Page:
• Vol. 08
  • Chapter 11
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A Good Meal

Hanna says she has prepared a meal and urges me to sit on the rickety sofa. There’s a small rose-patterned shiny-plastic plate on the low table in front of me. I pick it up and mime eating. ‘Mm,’ I say, ‘delicious.’

She rummages in her little cupboard and throws me an annoyed glance over her shoulder. ‘There’s nothing on the plate, silly. I’m getting it ready.’

I give her a quiet nod and wonder what she’s up to. That time we were at Aunt Mai’s, Hanna picked us all these green shoots from the garden. I thought we’d have a nibble to humour her just a little, but Mai kept on eating whole leaves, stuffing them between her nicotine-stained lips, so I started to think she was getting on a bit, perhaps not quite there anymore, when suddenly Mai slapped a green stem right out of my hand.

‘That’s hemlock,’ she said. ‘Poisonous.’

‘I cooked them, so they’re not poison anymore,’ Hanna protested and dug at the ground with her sandaled foot. But Mai told her to wash her hands and come sit with us.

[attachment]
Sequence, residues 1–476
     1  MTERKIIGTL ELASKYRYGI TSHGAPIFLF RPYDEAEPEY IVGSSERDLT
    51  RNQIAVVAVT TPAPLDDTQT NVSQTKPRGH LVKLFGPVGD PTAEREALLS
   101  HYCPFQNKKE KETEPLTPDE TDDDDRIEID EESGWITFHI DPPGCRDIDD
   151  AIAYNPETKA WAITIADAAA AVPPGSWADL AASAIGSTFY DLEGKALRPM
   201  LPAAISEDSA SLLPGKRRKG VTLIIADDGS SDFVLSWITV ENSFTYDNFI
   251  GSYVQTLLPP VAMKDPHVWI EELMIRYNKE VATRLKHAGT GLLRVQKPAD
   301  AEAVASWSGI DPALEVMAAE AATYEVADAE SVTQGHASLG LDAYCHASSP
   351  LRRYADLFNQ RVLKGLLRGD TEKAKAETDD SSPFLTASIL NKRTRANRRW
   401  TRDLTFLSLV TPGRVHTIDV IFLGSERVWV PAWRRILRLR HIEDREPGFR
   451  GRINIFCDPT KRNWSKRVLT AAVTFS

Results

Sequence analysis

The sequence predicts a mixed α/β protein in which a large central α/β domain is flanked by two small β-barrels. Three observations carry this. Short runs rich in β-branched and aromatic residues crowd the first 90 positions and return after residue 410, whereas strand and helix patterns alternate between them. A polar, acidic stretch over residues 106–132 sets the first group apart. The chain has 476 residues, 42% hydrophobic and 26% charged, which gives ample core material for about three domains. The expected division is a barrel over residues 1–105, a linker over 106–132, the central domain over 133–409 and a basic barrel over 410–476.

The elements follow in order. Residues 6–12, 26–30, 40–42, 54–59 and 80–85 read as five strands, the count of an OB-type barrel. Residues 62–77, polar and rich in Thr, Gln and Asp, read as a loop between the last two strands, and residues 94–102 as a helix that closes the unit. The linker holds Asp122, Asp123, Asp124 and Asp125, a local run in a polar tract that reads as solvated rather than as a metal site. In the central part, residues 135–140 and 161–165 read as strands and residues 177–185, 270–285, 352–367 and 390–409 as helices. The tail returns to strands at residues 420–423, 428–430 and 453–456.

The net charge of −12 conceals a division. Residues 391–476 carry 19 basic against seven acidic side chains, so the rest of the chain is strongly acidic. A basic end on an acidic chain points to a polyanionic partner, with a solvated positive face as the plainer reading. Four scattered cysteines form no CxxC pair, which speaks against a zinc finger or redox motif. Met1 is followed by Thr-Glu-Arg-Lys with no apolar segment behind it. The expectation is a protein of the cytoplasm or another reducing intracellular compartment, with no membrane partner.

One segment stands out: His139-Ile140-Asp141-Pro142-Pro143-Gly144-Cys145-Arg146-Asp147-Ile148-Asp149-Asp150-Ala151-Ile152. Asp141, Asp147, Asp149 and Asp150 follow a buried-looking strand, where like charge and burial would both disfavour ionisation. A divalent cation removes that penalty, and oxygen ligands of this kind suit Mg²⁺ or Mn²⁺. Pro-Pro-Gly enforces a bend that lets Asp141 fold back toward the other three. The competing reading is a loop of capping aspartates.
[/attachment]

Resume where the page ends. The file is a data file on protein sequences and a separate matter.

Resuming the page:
Now, Hanna places a black blob on my plate.

‘What is it?’

‘It’s coal.’ She smiles so widely I can count all the gaps in her mouth.

‘First you are bad and then you eat coal and become good.’ She has one hand on her flat hip.


A Good Meal

The blob smells oily, and I can see her little fingerprints all over it. Under her observant eyes, I take a bite, tearing a chunk off its claggy surface. The bitter lump circles in my mouth. I force myself to swallow.

‘Good,’ Hanna says, ‘I need to do the main course now.’

I hide the rest of the blob underneath my jumper.

She brings me a plate covered in pale worms.

‘It’s pasta,’ she says, ‘your favourite.’

I wish very small sandwiches with only a slice of tomato and a basil leaf were my favourite instead. The noodle doesn’t require much chewing though. It slides down my throat, leaving a slightly plasticky taste.

‘I have to tidy up,’ Hanna says, sounding forty years more tired than she should be.

I stuff the noodles underneath my jumper. She comes back and looks at the plate approvingly.  

‘And now,’ she says, ‘we have desert.’ She pulls an orange ball from her pocket and places it in front of me. I poke at its surface, harder and shinier than any plasticine. There’s a green shoot at its very top, with two large leaves.


A Good Meal

‘How did you make that?’

Hanna smiles. I pick up the fruit and sniff its citrusy fragrance.

‘I just wanted it to be true,’ she says and watches me dig my fingernail into the thick peel. I remove the white bits and give her half. She bites into it, letting the juice run down her chin. Underneath my jumper, I can feel something hard and something slimy-soft.